This Week In 1980: March 9, 1980
So far in these flashbacks to the Australian top 50 from 1980, we've seen some of the first big hits of the decade. This week that year, all the new entries were firsts in another way.
From the first hip-hop hit to the first appearance of a influential British punk band, the debuting singles all brought something new to the singles chart. In one case, it took a locally based band all the way to number 1.
Before then, Queen continued to rule the roost at number 1, with "Crazy Little Thing Called Love" staying on top of the chart for a second week.
Off The Chart
Number 100 "I Have A Dream" by ABBA
Peak: number 64
Their previous single, "Gimme! Gimme! Gimme! (A Man After Midnight)", had been the new track on Greatest Hits Vol. 2, but it was back to Voulez Vous for this belatedly released ballad, which did much better in Europe than in Australia.
Number 99 "Ravel's Bolero" by Henry Mancini
Peak: number 76
The 1928 composition featured prominently in Blake Edwards' 10, which had been released in January, with this release credited to Henry Mancini, who'd written the film's score.
Number 93 "Déja Vu" by Dionne Warwick
Peak: number 69
The second single from her Barry Manilow-produced comeback album, Dionne, this follow-up to top 40 hit "I'll Never Love This Way Again" was co-written by Isaac Hayes.
Peak: number 89
The only top 100 entry here and in the UK for Scottish band The Headboys, "The Shape Of Things To Come" did slightly better in the UK, where it just missed the top 40.
Number 50 "Rapper's Delight" by Sugarhill Gang
Peak: number 37
Everything has to start somewhere, and although this seminal hip-hop track wasn't the first ever rap record, it was the first to make the Billboard Hot 100 and, I'm assuming, the Australian chart (although correct me if I'm wrong). Put together by studio and record label owner Sylvia Robinson (one half of Mickey & Sylvia of "Love Is Strange" fame), the track, which came in three versions of varying lengths up to 15 minutes, was an attempt to capture what was happening at New York block parties, where MCs would rap over records like Chic's "Good Times".
Sylvia hired the trio who would become Sugarhill Gang, Guy "Master Gee" O'Brien, Henry "Big Bank Hank" Jackson and Michael "Wonder Mike" Wright, as well as the musicians who recreated the "Good Times" backing track, and soon had a hit on her hands. Although it only peaked one place higher in the US, "Rapper's Delight" sold two million copies there, proving rap could be much more than just a live music genre. The record's success also provided the world with the first interpolation pay-out following legal action by Chic, which resulted in a settlement and writer credits for Bernard Edwards and Nile Rodgers. In Australia, "Rapper's Delight" remained on the top 100 for more than half a year.
Number 46 "How Do I Make You" by Linda Ronstadt
Peak: number 19
Speaking of things starting somewhere, "How Do I Make You" was the first hit for songwriter Billy Steinberg, who'd go on to co-write some of the biggest tunes of the decade (including "Like A Virgin" and "Eternal Flame") with partner Tom Kelly. At the time, he'd intended this "My Sharona"-influenced song for his own band, but Linda Ronstadt heard a demo and recorded it for her Mad Love album. "How Do I Make You" was also the first time Linda had really rocked out like this, with her previous albums veering between country rock, classic rock and rock ballads. Drawing comparisons to Blondie, the new wave-ish song gave her a fourth top 20 hit in Australia.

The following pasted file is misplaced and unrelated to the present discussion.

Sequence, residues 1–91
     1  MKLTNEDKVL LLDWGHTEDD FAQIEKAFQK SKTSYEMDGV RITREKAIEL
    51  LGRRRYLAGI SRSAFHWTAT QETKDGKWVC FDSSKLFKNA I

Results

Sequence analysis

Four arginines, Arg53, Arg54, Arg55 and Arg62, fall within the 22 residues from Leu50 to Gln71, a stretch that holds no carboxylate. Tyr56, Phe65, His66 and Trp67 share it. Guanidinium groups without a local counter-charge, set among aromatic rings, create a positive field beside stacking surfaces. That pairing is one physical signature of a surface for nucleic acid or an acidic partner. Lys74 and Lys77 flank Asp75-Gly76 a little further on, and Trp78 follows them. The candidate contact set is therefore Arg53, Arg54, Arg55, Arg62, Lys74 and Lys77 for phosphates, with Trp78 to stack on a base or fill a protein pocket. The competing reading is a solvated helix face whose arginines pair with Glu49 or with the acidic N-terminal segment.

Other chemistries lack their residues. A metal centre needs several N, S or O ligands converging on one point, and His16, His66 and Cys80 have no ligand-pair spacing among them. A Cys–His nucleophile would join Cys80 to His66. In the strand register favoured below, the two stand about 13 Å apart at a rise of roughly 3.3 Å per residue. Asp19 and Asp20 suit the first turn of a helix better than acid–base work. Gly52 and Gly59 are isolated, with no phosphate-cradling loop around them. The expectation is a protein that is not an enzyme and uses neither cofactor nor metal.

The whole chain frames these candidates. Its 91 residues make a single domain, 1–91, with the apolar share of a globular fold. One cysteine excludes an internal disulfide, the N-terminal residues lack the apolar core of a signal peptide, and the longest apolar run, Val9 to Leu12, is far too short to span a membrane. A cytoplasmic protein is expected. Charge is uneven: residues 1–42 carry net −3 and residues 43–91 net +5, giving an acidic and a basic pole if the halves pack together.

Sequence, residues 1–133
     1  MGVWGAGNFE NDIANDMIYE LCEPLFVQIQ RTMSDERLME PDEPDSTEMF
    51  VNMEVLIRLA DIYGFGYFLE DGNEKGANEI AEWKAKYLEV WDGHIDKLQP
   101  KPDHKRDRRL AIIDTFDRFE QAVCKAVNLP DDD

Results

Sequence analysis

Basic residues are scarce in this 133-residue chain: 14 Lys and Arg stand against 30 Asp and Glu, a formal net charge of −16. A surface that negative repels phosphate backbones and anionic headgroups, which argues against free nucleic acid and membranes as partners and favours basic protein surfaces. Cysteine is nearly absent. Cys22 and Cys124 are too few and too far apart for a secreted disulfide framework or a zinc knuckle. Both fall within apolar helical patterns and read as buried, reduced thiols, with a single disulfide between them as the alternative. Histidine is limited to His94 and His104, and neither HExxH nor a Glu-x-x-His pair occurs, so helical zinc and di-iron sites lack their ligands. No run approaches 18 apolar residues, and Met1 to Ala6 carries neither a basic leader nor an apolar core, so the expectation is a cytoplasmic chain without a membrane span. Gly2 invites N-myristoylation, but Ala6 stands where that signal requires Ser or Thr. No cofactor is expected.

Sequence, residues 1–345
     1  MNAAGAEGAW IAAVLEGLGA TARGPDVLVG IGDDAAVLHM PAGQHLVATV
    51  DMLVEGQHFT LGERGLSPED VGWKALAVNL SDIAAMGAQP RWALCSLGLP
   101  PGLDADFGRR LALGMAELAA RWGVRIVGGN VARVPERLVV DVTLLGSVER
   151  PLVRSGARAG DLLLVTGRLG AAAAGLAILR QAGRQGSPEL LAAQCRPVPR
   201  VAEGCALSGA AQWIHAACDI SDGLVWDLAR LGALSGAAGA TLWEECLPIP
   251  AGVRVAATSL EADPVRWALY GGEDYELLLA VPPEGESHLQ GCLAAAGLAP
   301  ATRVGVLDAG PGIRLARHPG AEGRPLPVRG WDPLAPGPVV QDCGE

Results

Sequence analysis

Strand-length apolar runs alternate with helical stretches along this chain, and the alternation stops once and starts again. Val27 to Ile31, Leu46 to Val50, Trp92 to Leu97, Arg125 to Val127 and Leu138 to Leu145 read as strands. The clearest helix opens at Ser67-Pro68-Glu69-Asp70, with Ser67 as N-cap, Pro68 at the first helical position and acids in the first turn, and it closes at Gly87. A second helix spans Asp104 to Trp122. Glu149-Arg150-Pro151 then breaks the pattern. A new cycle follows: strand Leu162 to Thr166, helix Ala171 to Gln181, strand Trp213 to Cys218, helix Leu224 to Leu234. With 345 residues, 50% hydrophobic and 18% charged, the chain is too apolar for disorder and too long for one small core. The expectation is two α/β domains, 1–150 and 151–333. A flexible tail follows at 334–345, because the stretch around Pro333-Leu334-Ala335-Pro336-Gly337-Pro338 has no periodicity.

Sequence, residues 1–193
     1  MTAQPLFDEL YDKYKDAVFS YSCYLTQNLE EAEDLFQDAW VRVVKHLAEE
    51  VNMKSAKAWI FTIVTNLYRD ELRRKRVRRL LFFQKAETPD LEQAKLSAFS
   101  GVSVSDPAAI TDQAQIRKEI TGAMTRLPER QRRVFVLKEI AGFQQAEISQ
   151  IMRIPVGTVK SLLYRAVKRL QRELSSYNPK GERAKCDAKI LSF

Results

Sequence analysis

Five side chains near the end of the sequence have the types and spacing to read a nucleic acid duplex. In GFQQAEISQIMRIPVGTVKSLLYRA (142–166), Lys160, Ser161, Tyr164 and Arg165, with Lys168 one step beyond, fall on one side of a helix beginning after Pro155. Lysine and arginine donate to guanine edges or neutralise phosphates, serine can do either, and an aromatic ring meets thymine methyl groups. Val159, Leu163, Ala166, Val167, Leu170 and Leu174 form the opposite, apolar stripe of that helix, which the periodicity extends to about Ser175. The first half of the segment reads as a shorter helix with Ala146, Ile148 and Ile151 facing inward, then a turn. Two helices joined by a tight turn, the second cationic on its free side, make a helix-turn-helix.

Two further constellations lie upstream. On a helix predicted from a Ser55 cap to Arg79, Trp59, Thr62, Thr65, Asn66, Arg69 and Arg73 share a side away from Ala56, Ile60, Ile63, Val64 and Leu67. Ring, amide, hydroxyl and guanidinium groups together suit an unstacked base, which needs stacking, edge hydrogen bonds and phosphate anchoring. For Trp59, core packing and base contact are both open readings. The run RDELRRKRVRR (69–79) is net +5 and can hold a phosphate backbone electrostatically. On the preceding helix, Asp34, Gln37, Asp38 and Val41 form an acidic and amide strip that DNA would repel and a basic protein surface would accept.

Number 41 "I Got You" by Split Enz
Peak: number 1
Possibly the biggest new wave single to come from this part of the world, "I Got You" was the track that turned adopted Australians Split Enz into superstars, holding down the number 1 spot for eight weeks and helping parent album True Colours to do the same for 10 weeks. Having previously climbed no higher than number 15, with both "My Mistake" and "I See Red", it was a huge jump in fortune for the New Zealand band, who would enjoy a string of successes over the next few years. Interestingly, "I Got You" wasn't initially considered by either the band or Mushroom Records as a song that would be likely to be a hit. "It just goes to show I don't know a hit when I hear one," songwriter Neil Finn once said about the track.
Number 39 "London Calling" by The Clash
Peak: number 28
Another first: this was the debut appearance by British punk (or were they post-punk by now?) band The Clash on the Australian chart. The title track of their third album, "London Calling" is a pretty gloomy song, with lyrics influenced by some of the news items Mick Jones and Joe Strummer had been seeing about the doom facing the world. The title comes from the station ID of the BBC World Service.
Peak: number 8
The first four of this week's five new entries are all classic tracks that in some way changed the face of music and still stand up today. And then there's this. The folk tune was the debut release (and only hit) for Fiddler's Dram, whose members came from an alternate group, The Oyster Band. Dated even in 1980, the dirge-like ditty is about an outing to Bangor in North Wales, and somehow made the top 10 in Australia. Blame the expats?
Listen to this week's new entries on my Spotify playlist of all the top 50 hits from 1980 (updated weekly):
Next week: another highly influential band lands their first massive hit in Australia. Plus, one of the cuddliest duos of all time.